Tom Sturridge is a dream. As the star of Netflix’s “The Sandman,” an adaptation of Neil Gaiman’s beloved comic book series, Sturridge stepped into seemingly uncastable shoes as the lean, angst-ridden (and rightly so after being imprisoned in a glass sphere for over a century) embodiment of dreams, Lord Morpheus (a.k.a. Dream). Now Sturridge, 36, best known for Tony-nominated stage performances in “Orphans” and “Sea Wall/A Life,” is a serious player in a different awards season. He spoke with The Envelope about his endless time in that sphere, his acting family and passing on the acting bug to the next generation.
You’re about to dive into your first New York Comic Con. Is this the kind of event you might have gone to before being the star of “The Sandman”? It’s possible. I’m someone who’s relatively overwhelmed with large groups of people, so I would’ve liked to have an ally who talked me through it and introduced me to the rules of the game. But the thing I love so much about “Sandman” is the way it connects with people. It’s unlike anything I’ve ever done before: The level of exchange of communication with fans is so rigorously interesting and deep, and I’m excited to continue that dialogue.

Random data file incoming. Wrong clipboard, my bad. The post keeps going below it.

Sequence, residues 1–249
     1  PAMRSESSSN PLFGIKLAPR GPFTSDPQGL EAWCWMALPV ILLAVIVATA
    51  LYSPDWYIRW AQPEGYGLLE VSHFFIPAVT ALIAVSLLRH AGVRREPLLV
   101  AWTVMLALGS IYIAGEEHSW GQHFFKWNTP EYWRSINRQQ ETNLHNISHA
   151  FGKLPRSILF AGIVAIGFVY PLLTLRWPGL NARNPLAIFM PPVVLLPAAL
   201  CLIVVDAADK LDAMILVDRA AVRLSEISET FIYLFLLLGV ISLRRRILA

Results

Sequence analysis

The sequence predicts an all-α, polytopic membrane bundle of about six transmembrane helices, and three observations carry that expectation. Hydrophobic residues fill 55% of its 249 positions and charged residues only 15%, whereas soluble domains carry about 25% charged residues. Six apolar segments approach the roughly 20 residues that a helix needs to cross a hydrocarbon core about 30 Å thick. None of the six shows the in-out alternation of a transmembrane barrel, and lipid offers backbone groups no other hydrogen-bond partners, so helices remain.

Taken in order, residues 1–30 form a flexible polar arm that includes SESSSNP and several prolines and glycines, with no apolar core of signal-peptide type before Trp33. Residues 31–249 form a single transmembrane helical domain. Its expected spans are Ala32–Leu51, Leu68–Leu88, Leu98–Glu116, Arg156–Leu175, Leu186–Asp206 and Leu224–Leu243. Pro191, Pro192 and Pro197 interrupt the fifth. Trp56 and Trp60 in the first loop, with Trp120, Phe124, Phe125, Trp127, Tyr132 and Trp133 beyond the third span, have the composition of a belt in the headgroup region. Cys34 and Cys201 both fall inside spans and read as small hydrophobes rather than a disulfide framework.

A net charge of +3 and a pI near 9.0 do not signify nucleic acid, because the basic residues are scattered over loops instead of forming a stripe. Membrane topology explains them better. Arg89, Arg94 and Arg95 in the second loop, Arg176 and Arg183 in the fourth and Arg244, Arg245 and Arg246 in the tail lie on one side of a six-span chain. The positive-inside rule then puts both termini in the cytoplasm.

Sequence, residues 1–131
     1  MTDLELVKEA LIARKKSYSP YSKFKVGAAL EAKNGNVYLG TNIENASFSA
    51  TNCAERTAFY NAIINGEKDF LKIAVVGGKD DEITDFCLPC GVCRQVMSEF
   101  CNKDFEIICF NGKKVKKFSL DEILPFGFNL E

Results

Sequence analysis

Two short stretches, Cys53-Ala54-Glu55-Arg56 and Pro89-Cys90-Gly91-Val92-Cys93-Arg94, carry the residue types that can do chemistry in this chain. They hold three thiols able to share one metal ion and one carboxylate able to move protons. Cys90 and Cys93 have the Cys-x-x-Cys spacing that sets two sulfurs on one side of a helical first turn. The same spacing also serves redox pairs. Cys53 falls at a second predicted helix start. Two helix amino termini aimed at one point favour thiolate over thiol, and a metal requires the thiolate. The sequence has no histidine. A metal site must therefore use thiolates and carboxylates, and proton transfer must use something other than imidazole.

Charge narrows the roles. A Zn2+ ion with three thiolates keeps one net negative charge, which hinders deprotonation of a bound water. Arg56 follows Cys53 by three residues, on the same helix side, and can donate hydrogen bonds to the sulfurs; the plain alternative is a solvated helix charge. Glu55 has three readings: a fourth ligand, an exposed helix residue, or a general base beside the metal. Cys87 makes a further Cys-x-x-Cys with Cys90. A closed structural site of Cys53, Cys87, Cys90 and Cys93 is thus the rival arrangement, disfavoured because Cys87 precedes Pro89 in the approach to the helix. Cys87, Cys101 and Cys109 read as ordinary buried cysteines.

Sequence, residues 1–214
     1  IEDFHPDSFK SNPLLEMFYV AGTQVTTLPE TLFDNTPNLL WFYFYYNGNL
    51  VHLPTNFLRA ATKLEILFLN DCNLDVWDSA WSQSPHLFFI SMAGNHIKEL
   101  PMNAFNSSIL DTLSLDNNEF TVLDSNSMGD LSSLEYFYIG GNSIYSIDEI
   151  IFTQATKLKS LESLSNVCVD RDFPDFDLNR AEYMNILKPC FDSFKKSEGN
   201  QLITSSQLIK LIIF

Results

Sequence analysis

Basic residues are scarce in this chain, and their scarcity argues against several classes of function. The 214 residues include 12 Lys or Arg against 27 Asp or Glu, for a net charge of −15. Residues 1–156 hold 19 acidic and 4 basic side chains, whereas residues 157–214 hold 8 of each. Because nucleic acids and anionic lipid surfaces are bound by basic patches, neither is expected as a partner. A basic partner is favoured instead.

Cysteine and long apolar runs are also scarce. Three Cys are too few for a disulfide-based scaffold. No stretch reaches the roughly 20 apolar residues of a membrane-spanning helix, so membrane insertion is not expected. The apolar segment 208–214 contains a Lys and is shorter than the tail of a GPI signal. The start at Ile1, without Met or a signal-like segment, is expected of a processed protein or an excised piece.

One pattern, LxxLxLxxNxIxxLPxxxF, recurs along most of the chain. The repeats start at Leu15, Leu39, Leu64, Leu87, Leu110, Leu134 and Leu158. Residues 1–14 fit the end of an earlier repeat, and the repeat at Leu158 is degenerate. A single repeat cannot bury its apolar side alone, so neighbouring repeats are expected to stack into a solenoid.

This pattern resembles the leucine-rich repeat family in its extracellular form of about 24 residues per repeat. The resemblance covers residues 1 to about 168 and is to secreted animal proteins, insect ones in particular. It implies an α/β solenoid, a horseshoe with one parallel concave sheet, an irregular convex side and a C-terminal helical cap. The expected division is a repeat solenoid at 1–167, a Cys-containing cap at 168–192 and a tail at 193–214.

What was it about the character of Dream that drew you to him?
He’s not a Homeric classical heroic — by which, I mean someone whose intention is always to do good. His intention is to do right by his responsibilities, which are very specific to the subconscious of the universe. What’s beautiful about the story of “Sandman” is also the family he’s a part of, the Endless. They battle against each other in ways that a normal family does, which makes it relatable.